Summary: Are you poor, wretched, and blind? Then you have some shopping to do.
Title: Laodicea: For the Man who has everything
Text: Rev 3:14-22 (The Church @ Laodicea)
FCF: Eternal things are not purchased with gold and silver, but rather with the tribulation that is the gift of God.
SO: Ideally, my congregation would come to realize that relying on Christ isn’t something you do just in times of trouble – it’s the very manner of life Christ expects.
Text MP: Don’t be deceived into thinking that your own power and wealth mean anything. Complacency and self-sufficiency are incompatible with a Christ-like life.
Only the eternal things are worth anything. If you are complacent, focus on acquiring these things.
Forgive me for saying this in July, but every year around Christmas time, it’s always the same deal. There’s always one guy – one guy you know who has everything. So, what could you possibly get him? That question haunts our Christmas shopping, but it’s also the same question Jesus is asking in this, the last of his messages to his churches. Only, here in Laodicea, things aren’t exactly as they appear.
You see Laodicea was a rich, prosperous town. They were situated at the crossroads of three major highways, and they had made their money in financing, black wool, and the supposed healing qualities of their mud.
Just up the road was the Hot Springs of their day, and they had set up an aqueduct in the hopes of bringing some of that soothing water into town. Unfortunately, however, for them, they were able to bring the water, but not really the heat. And so, the water that flowed into Laodicea wasn’t really hot enough for the Jacuzzi, but it wasn’t cold enough to drink. Instead, it was this putrid, lukewarm water that wasn’t really good for anything. And so, when it came time to send a message to Laodicea, John knew exactly what to say – You guys think you have it all, but really you’re just worthless.
Indeed, Jesus says here – I would that you were either cold or hot. But as it, well, I’m going to spew. And yes, that is a valid translation.
You see, Laodicea is the exact opposite of Philadelphia. You’ll remember last week – Philly was a small little town. It didn’t have much, but the Christians there knew one simple fact – Christ was enough for them. Operating in his power, they were doing fine.
Contrast this with Laodicea. Here was a prosperous town. They had money, they had power. But they had grown so rich, that they began listening to the lie – “Do you really need Jesus?” You know, the American dream is often epitomized by the “self-made man.” It’s really a very subtle thing to think – oh, I’m rich, I’m powerful, I’m content with who and what I am. What more do I need?
Sadly, the truth is, that’s when you need Christ – more than ever.
You know, in 1971, Muhammed Ali was preparing for a fight with Joe Frazier. At the press conference, this is what he said:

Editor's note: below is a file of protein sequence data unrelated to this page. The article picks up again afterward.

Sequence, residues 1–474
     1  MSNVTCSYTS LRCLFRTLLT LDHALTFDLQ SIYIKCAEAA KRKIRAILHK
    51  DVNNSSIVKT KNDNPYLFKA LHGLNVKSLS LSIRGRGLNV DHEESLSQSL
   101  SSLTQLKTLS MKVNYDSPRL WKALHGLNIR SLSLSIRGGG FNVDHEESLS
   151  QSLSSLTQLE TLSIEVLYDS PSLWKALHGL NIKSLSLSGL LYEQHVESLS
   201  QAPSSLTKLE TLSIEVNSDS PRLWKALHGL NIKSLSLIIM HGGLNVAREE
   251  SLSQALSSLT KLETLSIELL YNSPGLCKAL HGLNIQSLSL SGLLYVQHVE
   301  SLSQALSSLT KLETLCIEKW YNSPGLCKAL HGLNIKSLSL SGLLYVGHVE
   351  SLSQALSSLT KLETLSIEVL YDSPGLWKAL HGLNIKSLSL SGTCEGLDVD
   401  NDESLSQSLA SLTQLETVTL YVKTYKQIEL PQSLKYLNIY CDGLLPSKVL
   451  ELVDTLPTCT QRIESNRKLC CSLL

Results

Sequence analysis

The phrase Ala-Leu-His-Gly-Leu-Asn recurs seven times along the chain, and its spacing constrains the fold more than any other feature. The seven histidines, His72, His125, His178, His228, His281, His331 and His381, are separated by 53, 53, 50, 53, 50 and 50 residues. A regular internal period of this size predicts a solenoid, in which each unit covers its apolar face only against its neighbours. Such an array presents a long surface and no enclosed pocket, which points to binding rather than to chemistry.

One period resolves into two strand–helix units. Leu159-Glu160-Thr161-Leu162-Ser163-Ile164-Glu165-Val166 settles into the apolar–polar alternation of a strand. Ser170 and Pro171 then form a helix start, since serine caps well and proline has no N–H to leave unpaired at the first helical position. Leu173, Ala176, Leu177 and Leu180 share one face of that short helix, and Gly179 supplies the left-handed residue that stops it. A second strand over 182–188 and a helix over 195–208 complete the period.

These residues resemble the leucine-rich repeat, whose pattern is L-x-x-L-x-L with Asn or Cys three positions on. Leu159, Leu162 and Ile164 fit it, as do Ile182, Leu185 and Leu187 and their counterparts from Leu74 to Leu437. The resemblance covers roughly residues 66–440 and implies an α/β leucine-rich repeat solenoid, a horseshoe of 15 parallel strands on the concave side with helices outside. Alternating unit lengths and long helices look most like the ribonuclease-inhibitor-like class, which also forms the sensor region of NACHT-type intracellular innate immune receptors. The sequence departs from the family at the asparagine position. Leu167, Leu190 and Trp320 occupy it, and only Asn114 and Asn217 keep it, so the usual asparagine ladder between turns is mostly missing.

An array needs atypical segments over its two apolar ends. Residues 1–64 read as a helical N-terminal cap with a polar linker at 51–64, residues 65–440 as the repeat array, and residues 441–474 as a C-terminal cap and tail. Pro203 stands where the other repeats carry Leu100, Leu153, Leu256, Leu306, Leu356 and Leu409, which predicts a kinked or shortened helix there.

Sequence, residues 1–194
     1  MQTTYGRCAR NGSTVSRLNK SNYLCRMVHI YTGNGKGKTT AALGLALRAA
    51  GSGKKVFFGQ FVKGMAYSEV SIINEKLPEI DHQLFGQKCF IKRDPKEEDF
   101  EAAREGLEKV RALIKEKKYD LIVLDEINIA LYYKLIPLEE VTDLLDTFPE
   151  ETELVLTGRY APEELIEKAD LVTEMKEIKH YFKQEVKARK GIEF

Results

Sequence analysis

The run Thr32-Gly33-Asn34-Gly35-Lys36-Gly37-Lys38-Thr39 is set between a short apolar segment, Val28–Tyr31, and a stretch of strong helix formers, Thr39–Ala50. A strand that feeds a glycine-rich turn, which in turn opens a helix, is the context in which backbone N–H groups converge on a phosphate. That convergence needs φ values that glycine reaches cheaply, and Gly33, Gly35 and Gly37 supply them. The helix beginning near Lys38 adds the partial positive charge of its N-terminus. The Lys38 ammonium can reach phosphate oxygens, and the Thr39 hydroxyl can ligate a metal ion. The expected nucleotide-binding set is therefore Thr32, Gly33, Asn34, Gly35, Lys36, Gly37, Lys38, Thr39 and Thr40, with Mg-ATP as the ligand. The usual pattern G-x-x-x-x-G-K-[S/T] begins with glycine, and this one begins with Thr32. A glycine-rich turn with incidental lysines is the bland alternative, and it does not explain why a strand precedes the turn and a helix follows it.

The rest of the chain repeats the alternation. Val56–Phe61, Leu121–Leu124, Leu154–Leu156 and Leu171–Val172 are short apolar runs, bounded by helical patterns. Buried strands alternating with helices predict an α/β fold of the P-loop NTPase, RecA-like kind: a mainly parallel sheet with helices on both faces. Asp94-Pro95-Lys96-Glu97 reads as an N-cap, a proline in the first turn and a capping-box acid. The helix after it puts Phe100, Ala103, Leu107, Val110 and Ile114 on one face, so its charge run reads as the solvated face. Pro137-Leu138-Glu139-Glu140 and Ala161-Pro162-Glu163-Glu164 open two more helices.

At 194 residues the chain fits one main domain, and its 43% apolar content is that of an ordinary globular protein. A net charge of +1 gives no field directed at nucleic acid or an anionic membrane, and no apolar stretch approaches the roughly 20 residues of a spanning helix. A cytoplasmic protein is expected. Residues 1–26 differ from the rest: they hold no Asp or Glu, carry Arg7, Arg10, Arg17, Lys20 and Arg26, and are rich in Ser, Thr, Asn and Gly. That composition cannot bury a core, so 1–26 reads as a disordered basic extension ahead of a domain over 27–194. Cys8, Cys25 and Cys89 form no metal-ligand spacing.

There seems to be some confusion. We’re gonna clear this confusion up on March 8. We’re gonna decide once and for all who is king! There’s not a man alive who can whup me. (He jabs the air half a dozen blinding lefts.)
I’m too smart. (He taps his head.)
I’m too pretty. (He lifts his head high in profile, turning as a bust on a pedestal.)
I AM the greatest. I AM the king! I should be a postage stamp—that’s the only way I could get licked!
Now, we all know that in boxing, self-confidence is key, and frankly I could have pulled out similar quotes from Mike Tyson, George Foreman, Sugar Ray Leonard – but what I thought was so amusing about this one was that on that March 8th, Ali lost. No, he was “whupped” by Frazier. This pride that happens before a fall – hubris as the Greeks called it – is epidemic in our society.
But you see, our pride isn’t limited to just our rhetoric. It isn’t just the speeches that betray our true feelings. I ran across this from an article entitled “The Art of Being a Big Shot,” by a very devout layman named Howard Butt. The insight he has here is fascinating, so allow me to read the whole paragraph if you will:
It is my pride that makes me independent of God. It’s appealing to me to feel that I am the master of my fate, that I run my own life, call my own shots, go it alone. But that feeling is my basic dishonesty. I can’t go it alone. I have to get help from other people, and I can’t ultimately rely on myself. I’m dependent on God for my next breath. It is dishonest of me to pretend that I’m anything but a man—small, weak, and limited. So, living independent of God is self-delusion. It is not just a matter of pride being an unfortunate little trait and humility being an attractive little virtue; it’s my inner psychological integrity that’s at stake. When I am conceited, I am lying to myself about what I am. I am pretending to be God, and not man. My pride is the idolatrous worship of myself. And that is the national religion of Hell!